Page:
Rare is the occasion when a 'supergroup' lives up to the hype. Most of the time, they wind up being a collection of pieces that don't really fit together, cobbling together music that can be very good, but never matches the expectations we have built up. Transatlantic is one of those supergroups that obliterates the doubts I have over such projects. After a debut that showed promise, but was a band obviously finding their way, they released back-to-back modern classics in the form of “Bridge Across Forever” (my favorite prog album of all time), and the immense “The Whirlwind”.

Album Review: Scythia - ...Of Conquest

The thing I love about self-proclaimed progressive music is that I never know what to expect. After listening to enough albums, it gets to the point where it's not hard to see where bands are going (especially new bands) after a couple of songs. They rarely change direction, and far too many bands these days play every song in the same tempo, with the same feel, and with the same tones. Eventually, it all blends together into one big song, and it almost never turns out to be a strength.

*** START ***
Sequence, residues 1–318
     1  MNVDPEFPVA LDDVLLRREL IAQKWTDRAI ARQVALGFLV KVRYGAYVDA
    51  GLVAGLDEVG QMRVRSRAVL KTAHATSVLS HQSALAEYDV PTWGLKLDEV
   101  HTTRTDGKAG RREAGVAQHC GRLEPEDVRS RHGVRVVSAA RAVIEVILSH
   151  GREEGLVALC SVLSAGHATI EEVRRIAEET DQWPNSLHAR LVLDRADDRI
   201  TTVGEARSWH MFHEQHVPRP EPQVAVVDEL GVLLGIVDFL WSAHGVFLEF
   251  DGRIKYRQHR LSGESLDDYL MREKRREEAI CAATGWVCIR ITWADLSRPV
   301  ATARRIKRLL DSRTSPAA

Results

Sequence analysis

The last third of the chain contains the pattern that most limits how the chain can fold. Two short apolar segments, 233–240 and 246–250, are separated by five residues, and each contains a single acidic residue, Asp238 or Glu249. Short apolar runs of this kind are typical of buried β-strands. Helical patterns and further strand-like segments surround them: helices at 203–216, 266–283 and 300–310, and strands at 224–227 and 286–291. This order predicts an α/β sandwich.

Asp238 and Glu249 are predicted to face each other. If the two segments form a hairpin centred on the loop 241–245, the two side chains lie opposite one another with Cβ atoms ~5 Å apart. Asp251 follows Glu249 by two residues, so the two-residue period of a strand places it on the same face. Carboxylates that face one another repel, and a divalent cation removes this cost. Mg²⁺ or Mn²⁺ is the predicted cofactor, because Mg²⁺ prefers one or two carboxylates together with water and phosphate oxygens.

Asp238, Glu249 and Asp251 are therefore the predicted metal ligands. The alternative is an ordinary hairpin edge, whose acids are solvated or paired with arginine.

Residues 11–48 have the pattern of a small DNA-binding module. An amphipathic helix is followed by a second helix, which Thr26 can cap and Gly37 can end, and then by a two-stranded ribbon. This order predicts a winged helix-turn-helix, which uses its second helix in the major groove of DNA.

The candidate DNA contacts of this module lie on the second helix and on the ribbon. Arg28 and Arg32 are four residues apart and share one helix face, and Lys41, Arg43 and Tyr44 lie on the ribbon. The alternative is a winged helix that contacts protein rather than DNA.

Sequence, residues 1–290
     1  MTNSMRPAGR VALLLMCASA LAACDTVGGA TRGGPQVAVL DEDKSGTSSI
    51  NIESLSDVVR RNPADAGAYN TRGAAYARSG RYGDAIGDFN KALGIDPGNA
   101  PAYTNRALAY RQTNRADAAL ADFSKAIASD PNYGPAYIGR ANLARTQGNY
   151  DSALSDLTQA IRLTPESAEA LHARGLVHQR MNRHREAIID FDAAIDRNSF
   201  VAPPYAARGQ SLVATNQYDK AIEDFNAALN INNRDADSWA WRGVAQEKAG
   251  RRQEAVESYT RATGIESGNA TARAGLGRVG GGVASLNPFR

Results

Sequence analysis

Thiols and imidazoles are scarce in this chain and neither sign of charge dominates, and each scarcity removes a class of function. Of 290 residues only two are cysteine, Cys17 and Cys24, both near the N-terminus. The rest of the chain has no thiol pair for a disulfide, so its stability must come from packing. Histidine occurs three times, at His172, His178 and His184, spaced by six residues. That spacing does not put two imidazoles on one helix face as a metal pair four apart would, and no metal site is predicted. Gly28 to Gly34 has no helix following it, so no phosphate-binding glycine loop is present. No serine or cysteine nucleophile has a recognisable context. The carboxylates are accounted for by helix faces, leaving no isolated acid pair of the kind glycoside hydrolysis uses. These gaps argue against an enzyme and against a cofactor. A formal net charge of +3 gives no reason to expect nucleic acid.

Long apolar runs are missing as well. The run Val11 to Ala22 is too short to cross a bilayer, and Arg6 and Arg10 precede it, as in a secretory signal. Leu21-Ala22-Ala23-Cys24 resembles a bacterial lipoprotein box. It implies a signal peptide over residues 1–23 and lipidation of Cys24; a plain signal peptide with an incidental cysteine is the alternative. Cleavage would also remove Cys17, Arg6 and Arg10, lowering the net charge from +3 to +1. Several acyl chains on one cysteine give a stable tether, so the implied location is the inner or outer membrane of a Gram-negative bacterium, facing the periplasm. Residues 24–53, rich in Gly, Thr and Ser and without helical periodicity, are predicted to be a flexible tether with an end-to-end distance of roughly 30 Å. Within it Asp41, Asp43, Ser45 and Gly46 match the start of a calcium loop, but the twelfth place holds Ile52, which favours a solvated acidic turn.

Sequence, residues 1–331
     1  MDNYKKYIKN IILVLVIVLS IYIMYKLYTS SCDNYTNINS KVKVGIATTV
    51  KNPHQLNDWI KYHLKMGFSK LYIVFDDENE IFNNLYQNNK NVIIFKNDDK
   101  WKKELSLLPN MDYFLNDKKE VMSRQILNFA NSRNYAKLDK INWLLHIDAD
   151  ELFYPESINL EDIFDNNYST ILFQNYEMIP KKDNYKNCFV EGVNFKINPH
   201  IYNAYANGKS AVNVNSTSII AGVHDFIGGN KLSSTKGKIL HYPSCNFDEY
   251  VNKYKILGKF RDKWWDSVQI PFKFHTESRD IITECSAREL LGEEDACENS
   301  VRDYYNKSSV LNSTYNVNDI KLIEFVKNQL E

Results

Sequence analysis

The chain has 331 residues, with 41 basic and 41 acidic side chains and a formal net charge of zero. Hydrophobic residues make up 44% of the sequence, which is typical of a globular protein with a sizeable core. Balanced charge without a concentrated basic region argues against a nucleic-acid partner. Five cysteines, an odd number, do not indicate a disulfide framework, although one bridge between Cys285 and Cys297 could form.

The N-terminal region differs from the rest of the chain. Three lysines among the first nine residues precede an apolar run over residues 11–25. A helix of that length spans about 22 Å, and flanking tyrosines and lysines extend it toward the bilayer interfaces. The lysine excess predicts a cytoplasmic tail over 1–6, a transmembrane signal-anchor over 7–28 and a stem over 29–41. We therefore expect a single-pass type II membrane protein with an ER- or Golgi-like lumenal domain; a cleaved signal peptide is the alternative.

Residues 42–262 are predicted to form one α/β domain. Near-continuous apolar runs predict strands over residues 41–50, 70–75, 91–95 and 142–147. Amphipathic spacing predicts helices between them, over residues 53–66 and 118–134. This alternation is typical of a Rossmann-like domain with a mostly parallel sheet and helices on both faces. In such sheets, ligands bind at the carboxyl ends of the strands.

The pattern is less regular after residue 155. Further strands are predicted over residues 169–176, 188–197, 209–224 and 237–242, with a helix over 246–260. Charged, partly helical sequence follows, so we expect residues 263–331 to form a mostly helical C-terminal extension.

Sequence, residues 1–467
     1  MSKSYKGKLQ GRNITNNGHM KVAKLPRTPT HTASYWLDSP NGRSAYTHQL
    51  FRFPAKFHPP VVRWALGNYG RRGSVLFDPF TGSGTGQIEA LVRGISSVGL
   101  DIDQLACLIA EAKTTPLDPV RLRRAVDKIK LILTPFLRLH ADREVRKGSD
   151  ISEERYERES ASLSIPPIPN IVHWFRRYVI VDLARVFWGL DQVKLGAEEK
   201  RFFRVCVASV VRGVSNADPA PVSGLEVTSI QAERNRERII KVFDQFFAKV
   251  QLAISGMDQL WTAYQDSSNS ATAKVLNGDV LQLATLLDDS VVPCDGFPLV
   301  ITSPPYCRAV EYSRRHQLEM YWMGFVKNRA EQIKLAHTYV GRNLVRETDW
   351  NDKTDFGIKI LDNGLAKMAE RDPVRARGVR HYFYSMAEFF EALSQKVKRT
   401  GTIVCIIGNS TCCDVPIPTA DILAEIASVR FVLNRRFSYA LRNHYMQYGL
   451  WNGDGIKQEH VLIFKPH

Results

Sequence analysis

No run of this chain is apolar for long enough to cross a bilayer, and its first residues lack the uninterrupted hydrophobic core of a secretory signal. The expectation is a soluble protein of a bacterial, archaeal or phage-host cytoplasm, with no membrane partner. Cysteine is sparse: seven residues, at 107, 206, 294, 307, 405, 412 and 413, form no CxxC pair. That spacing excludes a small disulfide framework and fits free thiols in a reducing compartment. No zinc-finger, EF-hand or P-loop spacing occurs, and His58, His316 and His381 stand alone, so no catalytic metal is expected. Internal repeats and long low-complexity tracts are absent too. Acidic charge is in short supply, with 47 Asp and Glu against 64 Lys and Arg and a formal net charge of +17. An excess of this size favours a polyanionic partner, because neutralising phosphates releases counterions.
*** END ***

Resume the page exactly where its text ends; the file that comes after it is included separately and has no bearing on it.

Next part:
The Top Ten Albums Of 2013

This year has been one of remarkable depth. While every year features a few select albums I love dearly, not many have a wealth of others I would feel bad about neglecting. Often, by the time I get to the tenth slot on my list, I'm struggling to find choices that I feel passionately about. I'm not sure if that's an indictment of the quality of most releases, or a statement as to my particular taste. So the fact that this year I did not have to struggle to find albums to mention, but had to carefully consider which ones would make the last few slots, is a bit of a strange turn of events. Really good albums from newcomers like Witherscape and Caligula's Horse narrowly missed out on inclusion, and veterans Fates Warning put out their best album ever, again narrowly missing out on making the list. Leaving them out was a tough call, as was not being able to place Avantasia's latest album somewhere on the list. Avantasia is usually a sure winner in my book, so not finding them on the list is the single biggest surprise of the year.

Before we commence, I want to hand out some awards:

Label Of The Year: Inside Out

In what was another strong year for progressive music, no label did a better job of delivering it than Inside Out, who led the way with three albums in my Top Ten, not to mention the very good Fates Warning album that almost made the cut. It was a banner year for the label, and 2014 looks to once again be strong for them, with a new Transatlantic album leading my most anticipated releases list.